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Purposes and Practices of Liberal Art Colleges
Pages 10 (2510 words)
“It is not so very important for a person to learn facts. For that he does not really need a college. He can learn them from books. The value of an education is a liberal arts college is not learning of many facts but the training of the mind to think something that cannot be learned from textbooks” quoted Albert Einstein. …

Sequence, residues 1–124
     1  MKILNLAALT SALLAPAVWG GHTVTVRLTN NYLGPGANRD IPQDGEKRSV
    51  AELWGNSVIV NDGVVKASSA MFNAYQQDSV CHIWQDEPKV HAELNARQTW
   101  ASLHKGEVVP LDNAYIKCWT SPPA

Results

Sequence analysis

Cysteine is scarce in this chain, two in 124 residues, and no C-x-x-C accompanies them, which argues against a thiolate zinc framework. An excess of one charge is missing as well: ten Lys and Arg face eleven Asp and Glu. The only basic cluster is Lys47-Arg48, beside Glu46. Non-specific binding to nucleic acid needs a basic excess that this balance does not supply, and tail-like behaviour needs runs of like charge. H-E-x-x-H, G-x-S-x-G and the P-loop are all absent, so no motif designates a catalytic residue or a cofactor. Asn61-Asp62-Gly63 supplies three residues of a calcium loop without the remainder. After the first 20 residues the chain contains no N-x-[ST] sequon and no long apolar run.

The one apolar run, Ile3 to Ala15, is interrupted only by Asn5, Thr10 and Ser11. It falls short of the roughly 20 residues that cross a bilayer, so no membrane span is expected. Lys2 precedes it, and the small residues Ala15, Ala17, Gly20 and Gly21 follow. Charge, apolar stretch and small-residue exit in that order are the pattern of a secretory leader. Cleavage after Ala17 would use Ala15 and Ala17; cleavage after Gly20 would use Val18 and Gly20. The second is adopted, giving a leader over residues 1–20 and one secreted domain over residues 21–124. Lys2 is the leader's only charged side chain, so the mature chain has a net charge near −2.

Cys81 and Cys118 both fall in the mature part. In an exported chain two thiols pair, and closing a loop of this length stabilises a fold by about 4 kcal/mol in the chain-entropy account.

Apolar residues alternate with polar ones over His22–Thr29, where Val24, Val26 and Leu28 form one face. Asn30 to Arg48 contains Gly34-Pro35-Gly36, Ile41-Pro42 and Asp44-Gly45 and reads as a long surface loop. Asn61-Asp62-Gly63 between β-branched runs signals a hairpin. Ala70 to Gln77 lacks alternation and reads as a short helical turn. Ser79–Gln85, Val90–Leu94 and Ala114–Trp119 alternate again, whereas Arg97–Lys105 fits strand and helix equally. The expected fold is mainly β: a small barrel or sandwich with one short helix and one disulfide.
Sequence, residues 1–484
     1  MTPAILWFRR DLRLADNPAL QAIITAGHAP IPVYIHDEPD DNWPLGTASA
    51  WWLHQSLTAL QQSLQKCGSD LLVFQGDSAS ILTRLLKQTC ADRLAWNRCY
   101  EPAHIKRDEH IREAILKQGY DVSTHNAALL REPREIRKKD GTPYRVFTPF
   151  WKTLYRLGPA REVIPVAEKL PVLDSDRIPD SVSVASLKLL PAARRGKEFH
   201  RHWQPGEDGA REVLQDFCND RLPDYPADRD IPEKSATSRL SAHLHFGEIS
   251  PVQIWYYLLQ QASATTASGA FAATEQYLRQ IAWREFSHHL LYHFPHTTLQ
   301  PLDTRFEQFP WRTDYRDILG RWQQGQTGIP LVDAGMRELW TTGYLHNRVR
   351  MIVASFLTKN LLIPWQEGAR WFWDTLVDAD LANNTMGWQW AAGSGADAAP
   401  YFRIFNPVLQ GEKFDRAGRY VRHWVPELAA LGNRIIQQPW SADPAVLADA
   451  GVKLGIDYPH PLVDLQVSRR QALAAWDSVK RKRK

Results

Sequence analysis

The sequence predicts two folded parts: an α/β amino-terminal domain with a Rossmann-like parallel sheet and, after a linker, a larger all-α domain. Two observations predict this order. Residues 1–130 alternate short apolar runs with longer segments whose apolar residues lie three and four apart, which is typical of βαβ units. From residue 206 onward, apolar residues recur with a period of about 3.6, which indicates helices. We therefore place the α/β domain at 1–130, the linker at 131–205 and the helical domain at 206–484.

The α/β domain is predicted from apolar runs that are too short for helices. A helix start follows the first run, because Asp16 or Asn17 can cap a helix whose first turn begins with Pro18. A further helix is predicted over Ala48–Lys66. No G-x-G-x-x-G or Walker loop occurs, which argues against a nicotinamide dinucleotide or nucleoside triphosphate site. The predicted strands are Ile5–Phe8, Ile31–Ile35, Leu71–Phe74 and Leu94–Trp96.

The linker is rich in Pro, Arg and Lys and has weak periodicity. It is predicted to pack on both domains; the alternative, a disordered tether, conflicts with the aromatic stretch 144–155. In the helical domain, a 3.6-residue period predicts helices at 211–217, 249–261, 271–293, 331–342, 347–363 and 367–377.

The greatest philosopher, Socrates too believed that the most important knowledge that a person should learn is “how best to live”. Moreover, the goal of education should be to “know what you can; and even more importantly, to know what you do not know.” In other words, the more you gain knowledge, the more you can gain knowledge and this is what a liberal arts education aims to do. This method of education truly follows the philosophy of Socrates. Indeed in today’s modern world, a liberal arts education has become essential as it provides teachings in varied fields that groom individuals to face and handle the intricacy, diversity and transformations of life in the best possible ways. Developing effective academic and practical aptitudes such as communication, logical and crisis management skills, profound feelings of social responsibility, and a demonstrated proficiency to utilize knowledge and skills in realism and thereby, creating a well rounded personality has always been the main purpose of education in liberal arts colleges. In this paper, we shall discuss both the pros and cons of teachings in liberal art colleges simultaneously establishing the fact that “the purpose of a liberal arts college is to provide a student with knowledge, not only of his/her intended profession, but knowledge of many different professions to create a well rounded person.”
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